A couple of weeks ago, New Orleans Pelicans sharpshooter J.J. Reddick went off on the idea of a carefully selected pre-game outfit. “This is an issue, I really believe this,” he said while listing out a number of modern-day distractions young players get caught up in...while hosting his own podcast. “There's more guys concerned with getting a pre-game fit on Instagram than they are worrying about the win and loss of a basketball game." The standard response? O.K. Boomer. But Reddick may have a bit of evidence to hang his fedora on: former heavyweight world titlist Deontay Wilder told ESPN that his pre-game outfit was partially to blame for his loss against Tyson Fury on Saturday night.
For his walk to the ring, Wilder wore an elaborate knight costume, replete with a bedazzled mask with eyes that glowed like embers and a spiky crown and skulls protruding from his shoulders and belt. It was probably enough to make Game of Thrones producers wonder if they should reboot the show, or at least if Wilder had looted their archives. But while it made a real impression before his match, the outfit took a real toll, according to Wilder.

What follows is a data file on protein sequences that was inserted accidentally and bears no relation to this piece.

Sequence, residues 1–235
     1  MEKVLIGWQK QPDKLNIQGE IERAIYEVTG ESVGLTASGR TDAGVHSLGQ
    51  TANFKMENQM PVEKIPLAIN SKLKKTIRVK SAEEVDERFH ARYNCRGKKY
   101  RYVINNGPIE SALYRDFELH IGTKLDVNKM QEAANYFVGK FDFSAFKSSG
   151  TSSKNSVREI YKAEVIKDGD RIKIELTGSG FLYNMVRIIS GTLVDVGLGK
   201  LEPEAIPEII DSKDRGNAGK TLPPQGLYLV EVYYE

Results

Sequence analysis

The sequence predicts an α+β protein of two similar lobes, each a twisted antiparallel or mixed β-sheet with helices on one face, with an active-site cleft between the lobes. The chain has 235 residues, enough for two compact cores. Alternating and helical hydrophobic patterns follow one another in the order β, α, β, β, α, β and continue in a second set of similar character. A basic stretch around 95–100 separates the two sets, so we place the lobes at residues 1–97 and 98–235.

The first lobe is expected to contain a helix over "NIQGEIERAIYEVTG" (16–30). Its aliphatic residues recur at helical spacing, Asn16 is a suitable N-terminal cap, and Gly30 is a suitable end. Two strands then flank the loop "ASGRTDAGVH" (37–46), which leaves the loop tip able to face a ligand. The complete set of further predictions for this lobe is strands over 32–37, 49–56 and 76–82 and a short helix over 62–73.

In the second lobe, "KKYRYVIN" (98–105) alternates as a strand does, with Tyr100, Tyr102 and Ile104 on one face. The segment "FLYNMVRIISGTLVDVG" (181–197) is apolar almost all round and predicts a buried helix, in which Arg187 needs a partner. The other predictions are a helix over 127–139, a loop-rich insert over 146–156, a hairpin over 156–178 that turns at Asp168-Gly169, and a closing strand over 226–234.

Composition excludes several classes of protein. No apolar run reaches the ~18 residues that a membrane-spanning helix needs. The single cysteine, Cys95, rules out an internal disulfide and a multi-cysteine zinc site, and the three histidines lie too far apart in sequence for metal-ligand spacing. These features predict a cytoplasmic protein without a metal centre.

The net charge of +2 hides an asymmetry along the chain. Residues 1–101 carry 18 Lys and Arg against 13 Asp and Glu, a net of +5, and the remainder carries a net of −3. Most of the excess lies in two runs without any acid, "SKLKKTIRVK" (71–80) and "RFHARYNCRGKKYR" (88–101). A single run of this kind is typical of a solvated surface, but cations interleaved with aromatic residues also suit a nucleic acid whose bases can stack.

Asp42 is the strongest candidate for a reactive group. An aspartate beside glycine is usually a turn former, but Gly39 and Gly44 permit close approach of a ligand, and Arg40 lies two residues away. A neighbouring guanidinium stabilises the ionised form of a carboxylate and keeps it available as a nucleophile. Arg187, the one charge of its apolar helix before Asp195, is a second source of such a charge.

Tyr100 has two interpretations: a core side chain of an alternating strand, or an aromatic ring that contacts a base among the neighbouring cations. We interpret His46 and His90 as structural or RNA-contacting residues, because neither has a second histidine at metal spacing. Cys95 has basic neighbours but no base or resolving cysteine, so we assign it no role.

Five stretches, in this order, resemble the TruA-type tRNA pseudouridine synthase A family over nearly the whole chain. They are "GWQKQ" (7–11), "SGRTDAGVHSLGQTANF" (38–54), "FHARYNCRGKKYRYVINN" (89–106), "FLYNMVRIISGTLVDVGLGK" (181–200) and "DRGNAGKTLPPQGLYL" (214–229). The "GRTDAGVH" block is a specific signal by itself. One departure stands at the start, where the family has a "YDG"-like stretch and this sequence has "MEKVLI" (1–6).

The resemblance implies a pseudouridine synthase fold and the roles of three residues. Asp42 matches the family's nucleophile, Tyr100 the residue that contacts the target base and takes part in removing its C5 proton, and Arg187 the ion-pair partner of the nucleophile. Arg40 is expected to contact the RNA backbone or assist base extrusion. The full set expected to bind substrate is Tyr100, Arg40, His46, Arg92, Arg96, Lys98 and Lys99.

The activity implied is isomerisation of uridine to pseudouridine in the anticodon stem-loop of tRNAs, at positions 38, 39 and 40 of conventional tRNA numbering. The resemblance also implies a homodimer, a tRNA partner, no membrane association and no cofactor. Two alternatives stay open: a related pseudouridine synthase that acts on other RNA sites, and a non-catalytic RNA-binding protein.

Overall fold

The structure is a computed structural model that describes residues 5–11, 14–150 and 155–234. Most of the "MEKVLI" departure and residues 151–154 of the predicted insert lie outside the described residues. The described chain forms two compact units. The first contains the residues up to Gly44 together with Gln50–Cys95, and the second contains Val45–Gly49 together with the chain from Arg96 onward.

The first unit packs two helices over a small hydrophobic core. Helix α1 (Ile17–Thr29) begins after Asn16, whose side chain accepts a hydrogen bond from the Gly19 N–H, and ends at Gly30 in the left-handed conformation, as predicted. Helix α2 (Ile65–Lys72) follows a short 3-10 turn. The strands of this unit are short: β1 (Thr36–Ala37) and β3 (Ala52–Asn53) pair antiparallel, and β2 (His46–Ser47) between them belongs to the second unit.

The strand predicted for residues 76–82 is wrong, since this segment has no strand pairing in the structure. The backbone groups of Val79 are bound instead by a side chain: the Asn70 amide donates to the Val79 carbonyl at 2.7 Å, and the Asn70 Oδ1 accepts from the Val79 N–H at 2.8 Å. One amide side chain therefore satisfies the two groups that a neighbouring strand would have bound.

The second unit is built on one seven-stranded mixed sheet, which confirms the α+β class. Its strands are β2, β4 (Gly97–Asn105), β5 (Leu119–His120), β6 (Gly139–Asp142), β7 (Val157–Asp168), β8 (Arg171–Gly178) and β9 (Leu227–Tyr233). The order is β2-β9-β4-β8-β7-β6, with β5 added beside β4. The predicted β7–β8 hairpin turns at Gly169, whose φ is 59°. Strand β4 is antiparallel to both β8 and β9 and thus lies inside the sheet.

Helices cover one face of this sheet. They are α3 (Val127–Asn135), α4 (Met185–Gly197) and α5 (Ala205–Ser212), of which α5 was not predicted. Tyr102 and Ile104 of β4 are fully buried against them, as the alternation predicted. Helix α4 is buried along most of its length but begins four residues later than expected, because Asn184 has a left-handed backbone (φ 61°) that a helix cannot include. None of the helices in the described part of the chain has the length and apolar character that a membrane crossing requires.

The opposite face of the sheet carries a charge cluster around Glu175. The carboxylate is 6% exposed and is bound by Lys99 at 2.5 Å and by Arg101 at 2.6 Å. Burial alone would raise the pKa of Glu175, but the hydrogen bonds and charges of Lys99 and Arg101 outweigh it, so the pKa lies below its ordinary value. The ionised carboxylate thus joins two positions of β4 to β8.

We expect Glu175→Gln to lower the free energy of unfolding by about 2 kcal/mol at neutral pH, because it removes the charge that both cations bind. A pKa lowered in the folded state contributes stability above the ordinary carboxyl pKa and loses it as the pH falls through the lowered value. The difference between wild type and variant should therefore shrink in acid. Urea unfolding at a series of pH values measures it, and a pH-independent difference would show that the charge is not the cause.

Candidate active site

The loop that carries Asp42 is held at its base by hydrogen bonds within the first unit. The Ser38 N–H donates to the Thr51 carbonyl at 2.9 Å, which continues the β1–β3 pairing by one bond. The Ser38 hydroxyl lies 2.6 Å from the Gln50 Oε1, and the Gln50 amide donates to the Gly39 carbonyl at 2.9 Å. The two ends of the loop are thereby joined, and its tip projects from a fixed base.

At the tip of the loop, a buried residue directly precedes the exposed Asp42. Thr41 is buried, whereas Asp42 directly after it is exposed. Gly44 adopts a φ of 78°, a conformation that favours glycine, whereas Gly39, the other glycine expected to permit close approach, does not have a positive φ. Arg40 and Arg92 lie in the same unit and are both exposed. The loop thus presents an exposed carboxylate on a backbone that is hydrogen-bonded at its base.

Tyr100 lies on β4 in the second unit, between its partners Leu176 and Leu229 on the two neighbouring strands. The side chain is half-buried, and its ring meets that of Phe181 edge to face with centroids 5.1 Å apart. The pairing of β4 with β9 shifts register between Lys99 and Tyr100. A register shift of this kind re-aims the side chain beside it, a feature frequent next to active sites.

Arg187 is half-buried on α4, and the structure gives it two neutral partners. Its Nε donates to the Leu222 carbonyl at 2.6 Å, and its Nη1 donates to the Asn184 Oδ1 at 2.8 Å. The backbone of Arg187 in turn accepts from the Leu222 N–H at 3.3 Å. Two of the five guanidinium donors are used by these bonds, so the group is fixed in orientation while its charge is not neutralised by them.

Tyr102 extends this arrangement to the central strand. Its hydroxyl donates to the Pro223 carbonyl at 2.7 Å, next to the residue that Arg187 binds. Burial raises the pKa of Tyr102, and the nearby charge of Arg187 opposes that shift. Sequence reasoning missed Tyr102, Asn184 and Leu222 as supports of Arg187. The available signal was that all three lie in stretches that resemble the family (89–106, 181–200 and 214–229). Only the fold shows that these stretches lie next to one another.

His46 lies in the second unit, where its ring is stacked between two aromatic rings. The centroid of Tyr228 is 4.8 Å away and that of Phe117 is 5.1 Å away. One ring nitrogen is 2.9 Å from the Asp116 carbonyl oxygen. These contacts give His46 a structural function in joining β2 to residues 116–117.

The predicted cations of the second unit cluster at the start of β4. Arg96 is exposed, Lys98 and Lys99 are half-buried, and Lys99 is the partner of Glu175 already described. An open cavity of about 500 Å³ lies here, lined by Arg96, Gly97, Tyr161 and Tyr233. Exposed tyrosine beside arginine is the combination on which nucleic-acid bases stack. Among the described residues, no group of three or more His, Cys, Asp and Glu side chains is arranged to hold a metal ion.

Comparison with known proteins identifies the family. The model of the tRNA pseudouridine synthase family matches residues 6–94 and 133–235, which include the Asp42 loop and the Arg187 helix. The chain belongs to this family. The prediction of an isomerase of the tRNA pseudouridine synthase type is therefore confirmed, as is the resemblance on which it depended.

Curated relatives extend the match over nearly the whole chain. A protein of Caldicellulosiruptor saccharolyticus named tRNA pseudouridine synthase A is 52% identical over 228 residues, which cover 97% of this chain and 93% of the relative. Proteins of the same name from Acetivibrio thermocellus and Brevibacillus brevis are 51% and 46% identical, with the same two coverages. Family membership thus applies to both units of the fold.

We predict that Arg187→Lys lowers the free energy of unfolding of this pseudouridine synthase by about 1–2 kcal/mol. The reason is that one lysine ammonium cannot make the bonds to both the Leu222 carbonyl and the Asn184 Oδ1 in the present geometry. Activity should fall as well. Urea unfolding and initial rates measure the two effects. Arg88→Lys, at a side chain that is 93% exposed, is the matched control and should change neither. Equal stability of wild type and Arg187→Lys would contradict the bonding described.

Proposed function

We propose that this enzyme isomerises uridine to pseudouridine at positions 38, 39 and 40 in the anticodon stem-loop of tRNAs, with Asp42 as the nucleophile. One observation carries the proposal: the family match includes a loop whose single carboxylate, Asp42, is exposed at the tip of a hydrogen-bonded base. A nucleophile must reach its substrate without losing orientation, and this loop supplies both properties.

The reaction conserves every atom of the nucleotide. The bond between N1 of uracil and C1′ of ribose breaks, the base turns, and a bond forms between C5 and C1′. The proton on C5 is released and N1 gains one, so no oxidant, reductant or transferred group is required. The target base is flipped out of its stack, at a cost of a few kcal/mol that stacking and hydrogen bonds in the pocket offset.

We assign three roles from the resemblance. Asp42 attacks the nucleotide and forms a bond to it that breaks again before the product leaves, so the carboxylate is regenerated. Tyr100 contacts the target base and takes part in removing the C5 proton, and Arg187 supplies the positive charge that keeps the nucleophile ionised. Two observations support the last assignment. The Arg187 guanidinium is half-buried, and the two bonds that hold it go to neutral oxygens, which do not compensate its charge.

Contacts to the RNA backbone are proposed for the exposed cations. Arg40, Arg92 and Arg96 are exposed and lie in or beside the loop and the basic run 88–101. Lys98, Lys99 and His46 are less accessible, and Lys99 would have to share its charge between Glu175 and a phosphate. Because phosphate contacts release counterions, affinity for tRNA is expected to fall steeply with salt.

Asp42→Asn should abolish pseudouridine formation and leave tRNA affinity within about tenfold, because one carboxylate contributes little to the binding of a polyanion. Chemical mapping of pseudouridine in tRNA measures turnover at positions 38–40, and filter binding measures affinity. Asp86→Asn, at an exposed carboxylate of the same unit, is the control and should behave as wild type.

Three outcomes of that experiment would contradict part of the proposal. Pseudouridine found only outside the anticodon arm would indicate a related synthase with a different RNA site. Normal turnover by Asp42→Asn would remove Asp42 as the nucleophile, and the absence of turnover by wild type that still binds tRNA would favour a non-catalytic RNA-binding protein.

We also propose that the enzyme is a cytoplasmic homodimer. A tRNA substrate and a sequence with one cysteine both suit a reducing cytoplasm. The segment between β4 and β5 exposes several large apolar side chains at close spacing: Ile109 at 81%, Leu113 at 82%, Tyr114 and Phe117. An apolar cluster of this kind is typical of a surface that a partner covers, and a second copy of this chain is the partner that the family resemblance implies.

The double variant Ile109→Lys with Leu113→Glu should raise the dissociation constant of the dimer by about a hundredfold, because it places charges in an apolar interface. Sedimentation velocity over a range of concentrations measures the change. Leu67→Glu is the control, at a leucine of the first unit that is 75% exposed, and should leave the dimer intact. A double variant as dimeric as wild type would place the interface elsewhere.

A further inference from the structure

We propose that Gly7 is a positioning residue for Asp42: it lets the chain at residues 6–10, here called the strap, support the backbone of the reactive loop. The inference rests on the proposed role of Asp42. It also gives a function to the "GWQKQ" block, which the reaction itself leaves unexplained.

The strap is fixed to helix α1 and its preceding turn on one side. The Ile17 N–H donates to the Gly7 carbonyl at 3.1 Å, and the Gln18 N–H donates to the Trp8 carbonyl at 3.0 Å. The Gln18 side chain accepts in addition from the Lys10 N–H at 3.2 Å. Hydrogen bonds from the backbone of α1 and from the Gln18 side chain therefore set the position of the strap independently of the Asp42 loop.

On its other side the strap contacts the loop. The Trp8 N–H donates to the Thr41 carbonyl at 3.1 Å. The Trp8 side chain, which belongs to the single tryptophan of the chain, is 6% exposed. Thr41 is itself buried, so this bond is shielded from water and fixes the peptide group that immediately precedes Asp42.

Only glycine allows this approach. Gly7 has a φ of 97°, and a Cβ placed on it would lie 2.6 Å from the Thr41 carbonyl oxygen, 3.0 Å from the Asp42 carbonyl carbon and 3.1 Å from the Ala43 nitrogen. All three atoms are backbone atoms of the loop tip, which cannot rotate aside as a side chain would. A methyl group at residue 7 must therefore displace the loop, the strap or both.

“I paid a severe price because my legs were how they were because of my uniform,” Wilder told ESPN. “My uniform was way too heavy. It was 40-plus pounds. We had it on 10 or 15 minutes before we even walked out and then put the helmet on. That was extra weight, then the ring walk, then going up the stairs. It was like a real workout for my legs. When I took it off, I knew immediately that the game had changed."
Even Bob Arum, Fury’s co-promoter, said he was surprised to see Wilder’s costume. "Well, I don't know about the legs affecting his performance, but he had to be very, very negligent coming in with that head covering because that choked off his oxygen, and I'm sure that had an effect," he said. Whether it was his legs, a lack of oxygen, or a deadly combination of both, Wilder’s corner threw in the towel against Fury during the seventh round.
Here at GQ there are few things we love more than a Big Fit. We constantly find ourselves gawking at Absolute Units, in awe at the size of the latest lad. But here we seemingly have a case of the fit being too big, the unit too absolute. In sports, Deion Sanders’s theory reigns supreme: that when you look good, you feel good, and when you feel good, you play good. Wilder’s 40-pound outfit is the counterpoint: he looked great, but at what cost?